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Our group explores the relationships between physiology, evolution, and ecology in aquatic photosynthetic microbes through culture-based experimentation and oceanographic field observations.  


One area of research is the interaction between the marine cyanobacterium, Prochlorococcus, and other members of the microbial community. Prochlorococcus is the most abundant photosynthetic organism in the oceans and plays a major role in global carbon cycling. We have discovered that co-existing heterotrophic bacteria protect Prochlorococcus from the oxidative stresses associated with life in an oxygenated, sun-lit ocean. We are using laboratory and field experiments to continue to explore how the co-occurring microbes help or compete with Prochlorococcus.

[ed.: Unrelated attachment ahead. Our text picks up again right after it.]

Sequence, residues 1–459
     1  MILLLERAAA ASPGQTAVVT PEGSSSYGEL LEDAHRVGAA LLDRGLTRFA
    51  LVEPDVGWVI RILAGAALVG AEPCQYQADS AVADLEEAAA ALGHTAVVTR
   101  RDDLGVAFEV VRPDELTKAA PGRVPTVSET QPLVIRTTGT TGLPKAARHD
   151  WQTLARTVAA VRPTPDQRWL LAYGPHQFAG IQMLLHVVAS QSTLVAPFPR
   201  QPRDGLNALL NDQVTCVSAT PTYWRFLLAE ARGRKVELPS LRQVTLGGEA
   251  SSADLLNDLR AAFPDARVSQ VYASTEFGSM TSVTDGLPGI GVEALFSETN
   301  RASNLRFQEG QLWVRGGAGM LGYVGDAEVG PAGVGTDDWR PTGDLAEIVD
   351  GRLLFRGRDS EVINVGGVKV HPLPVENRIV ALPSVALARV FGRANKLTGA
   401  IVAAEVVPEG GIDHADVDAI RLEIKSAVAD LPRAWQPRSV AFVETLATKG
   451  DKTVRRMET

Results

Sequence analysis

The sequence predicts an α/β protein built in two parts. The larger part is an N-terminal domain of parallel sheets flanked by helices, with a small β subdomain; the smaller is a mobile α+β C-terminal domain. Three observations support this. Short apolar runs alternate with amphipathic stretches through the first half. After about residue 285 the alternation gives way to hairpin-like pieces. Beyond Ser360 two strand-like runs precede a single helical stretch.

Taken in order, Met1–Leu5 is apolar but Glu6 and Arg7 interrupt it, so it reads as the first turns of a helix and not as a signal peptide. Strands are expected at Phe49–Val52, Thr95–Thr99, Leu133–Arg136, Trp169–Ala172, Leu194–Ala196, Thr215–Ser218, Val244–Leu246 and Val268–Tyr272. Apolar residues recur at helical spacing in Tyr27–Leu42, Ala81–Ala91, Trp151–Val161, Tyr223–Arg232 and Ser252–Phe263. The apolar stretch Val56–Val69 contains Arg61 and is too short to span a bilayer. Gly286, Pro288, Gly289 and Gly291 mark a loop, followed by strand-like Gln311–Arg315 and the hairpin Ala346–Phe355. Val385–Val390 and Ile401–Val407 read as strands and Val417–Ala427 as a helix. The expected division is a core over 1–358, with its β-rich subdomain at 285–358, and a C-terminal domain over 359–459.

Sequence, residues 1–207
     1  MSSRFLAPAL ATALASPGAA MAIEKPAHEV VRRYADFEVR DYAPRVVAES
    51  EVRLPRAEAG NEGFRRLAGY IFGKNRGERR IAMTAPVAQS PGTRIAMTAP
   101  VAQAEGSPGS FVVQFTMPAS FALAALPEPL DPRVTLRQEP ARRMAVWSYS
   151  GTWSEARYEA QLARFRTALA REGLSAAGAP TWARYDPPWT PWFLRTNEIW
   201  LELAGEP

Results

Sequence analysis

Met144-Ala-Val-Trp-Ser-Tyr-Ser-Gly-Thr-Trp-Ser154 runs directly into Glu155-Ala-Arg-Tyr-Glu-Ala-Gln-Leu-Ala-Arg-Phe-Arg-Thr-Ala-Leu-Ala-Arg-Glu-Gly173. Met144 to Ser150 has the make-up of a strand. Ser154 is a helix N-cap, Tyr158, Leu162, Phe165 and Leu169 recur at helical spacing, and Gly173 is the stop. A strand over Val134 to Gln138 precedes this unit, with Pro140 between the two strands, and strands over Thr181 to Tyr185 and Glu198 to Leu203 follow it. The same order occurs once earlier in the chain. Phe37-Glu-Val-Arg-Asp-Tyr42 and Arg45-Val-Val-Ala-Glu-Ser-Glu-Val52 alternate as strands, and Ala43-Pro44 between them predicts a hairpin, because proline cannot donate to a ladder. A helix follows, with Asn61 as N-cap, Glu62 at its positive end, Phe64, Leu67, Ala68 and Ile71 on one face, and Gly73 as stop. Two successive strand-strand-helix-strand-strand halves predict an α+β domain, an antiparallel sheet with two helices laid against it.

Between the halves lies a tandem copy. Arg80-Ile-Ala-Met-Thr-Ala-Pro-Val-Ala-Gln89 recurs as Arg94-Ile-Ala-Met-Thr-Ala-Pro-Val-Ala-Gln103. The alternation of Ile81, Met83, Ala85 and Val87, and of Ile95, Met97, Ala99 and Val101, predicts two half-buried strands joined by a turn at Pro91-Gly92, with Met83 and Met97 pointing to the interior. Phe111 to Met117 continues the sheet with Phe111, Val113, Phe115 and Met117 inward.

Genome reduction led to the dependency of Prochlorococcus on other members of the microbial community for protection from oxidative stress.  A developing research direction is an experimental evolution system to understand the selective value of genome reduction in free-living microbes.


A new project in collaboration with the Wilhelm group at UT focuses on the freshwater cyanobacterium, Microcystis.  Some Microcystis genotypes produce the liver toxin microcystin, and can form harmful algal blooms in aquatic systems such as Lake Erie.  We are using genomics, mathematical modeling, and wet lab approaches to investigate the evolutionary history of this economically-relevant microbe, and to explore how this photosynthetic microbe interacts with heterotrophic bacteria.